Live updates on Frances Haugen’s testimony
Facebook is extraordinarily profitable, so it is intriguing to hear Frances Haugen repeatedly refer to the company as “understaffed.” She said this staffing shortage contributes to a vicious cycle of platform-wide problems.
“Facebook has struggled for a long time to recruit and retain the number of employees it needs to tackle the large scope of projects that it has chosen to take on,” Haugen said, emphasizing the word “chosen.”
“Facebook is stuck in a cycle where it struggles to hire; that causes it to understaff projects; which causes scandals; which then makes it harder to hire,” she said.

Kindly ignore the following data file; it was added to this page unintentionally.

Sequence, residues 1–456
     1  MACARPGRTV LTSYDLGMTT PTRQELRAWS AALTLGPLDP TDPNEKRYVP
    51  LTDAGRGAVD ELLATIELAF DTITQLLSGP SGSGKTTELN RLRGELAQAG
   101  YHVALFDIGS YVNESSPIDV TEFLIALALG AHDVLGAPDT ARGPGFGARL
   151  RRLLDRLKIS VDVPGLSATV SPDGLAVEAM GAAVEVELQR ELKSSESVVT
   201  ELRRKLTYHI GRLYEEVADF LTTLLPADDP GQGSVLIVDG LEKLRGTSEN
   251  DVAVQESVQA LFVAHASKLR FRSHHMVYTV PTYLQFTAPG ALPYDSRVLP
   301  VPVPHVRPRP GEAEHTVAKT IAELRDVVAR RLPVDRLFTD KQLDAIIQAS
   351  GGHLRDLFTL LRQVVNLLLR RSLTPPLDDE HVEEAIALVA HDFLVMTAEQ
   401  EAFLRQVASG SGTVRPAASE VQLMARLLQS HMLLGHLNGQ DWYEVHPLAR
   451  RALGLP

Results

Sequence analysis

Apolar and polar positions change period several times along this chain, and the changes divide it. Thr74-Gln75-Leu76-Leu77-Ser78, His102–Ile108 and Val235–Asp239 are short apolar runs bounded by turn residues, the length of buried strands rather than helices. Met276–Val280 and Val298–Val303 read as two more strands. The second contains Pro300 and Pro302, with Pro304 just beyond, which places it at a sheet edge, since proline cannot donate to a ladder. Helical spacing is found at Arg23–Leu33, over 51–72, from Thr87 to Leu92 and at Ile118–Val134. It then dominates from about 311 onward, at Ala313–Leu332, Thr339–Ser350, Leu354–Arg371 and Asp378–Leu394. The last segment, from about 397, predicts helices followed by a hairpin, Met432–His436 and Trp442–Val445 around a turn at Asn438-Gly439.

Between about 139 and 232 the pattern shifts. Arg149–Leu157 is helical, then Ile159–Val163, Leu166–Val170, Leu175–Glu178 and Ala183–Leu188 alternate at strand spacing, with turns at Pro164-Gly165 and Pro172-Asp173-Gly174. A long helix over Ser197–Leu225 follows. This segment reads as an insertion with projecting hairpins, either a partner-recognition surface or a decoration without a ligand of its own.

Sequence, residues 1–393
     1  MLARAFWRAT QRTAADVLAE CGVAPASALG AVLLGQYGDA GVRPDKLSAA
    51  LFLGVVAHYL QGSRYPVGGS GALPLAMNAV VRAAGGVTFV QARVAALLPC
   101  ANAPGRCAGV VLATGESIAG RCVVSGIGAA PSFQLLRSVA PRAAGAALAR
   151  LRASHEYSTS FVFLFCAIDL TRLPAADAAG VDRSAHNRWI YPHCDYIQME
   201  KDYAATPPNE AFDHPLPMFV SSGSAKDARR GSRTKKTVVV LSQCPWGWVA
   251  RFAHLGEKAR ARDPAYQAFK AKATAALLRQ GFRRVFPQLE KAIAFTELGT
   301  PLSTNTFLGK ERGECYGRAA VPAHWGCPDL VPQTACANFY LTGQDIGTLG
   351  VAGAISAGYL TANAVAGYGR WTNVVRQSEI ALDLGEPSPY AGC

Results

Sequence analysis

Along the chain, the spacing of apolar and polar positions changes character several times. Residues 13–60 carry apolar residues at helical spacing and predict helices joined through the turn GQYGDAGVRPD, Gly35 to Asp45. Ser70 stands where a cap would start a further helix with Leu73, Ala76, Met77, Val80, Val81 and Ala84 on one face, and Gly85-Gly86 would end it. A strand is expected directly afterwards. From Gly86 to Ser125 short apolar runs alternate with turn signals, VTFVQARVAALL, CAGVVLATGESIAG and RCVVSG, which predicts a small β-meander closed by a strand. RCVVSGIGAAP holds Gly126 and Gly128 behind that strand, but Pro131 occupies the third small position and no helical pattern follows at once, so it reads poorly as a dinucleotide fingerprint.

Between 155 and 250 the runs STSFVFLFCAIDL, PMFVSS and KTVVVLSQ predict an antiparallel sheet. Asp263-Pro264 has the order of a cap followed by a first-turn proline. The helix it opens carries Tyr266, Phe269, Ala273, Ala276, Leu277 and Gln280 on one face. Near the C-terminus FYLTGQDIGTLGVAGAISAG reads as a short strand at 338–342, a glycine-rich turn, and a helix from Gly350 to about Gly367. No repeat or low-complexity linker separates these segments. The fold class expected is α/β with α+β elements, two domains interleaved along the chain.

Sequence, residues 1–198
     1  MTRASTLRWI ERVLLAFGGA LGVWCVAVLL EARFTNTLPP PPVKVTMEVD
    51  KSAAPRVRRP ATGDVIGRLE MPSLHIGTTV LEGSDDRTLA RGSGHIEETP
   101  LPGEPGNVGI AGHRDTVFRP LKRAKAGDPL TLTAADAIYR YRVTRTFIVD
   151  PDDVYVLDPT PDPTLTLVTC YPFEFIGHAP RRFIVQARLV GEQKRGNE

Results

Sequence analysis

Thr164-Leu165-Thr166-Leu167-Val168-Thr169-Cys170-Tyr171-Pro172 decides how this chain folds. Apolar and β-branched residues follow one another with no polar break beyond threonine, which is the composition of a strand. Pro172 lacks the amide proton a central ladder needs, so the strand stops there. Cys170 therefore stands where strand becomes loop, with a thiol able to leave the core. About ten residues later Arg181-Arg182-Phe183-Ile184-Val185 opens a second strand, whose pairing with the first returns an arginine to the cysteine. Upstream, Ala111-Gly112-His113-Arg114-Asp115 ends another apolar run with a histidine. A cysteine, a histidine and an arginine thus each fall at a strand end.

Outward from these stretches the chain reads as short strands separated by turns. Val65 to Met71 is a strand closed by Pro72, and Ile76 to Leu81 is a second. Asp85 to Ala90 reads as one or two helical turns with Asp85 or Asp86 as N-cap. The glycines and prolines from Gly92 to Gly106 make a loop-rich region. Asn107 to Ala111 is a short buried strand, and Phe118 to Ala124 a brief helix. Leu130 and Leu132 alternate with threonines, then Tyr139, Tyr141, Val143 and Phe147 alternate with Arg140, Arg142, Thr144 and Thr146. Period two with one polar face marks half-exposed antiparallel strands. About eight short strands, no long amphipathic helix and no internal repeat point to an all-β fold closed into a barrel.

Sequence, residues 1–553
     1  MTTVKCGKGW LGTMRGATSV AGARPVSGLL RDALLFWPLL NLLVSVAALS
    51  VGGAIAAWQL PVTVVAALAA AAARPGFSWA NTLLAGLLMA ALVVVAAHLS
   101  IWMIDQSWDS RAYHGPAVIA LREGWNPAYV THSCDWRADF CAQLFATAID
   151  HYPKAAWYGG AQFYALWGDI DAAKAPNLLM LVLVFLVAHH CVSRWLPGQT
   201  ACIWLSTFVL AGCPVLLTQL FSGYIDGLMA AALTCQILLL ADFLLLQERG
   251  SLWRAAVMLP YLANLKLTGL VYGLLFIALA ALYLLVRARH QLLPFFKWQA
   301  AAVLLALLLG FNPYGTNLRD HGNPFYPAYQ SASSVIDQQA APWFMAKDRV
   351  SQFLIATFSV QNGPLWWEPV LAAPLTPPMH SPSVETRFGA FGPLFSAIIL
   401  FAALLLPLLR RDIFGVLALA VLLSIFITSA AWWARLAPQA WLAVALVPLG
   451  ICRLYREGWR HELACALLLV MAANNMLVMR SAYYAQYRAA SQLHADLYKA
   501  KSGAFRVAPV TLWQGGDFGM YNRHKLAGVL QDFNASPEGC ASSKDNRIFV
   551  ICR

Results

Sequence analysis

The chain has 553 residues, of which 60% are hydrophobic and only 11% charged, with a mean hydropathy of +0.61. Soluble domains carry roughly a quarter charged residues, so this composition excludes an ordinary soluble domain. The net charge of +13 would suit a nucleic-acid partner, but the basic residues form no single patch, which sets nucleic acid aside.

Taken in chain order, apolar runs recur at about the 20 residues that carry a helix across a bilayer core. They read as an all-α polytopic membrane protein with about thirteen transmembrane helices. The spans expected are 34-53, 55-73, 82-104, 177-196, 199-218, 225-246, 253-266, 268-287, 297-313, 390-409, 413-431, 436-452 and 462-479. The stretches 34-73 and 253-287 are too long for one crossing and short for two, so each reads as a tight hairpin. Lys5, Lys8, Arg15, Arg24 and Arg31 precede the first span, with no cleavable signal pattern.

In a later exchange, Haugen described the following “pattern of behavior:” Often, she said, “problems were so understaffed that there was kind of an implicit discouragement from having better detection systems.” For example, “my last team at Facebook was on the counterespionage team within the threat intelligence org, and at any given time, our team could only handle a third of the cases that we knew about. We knew that if we built even a basic detecter, we would likely have many more cases.”
It’s a twist on the adage about being “too big to fail.” Longtime tech reporter Craig Silverman observed that Haugen was calling Facebook “too big to staff.”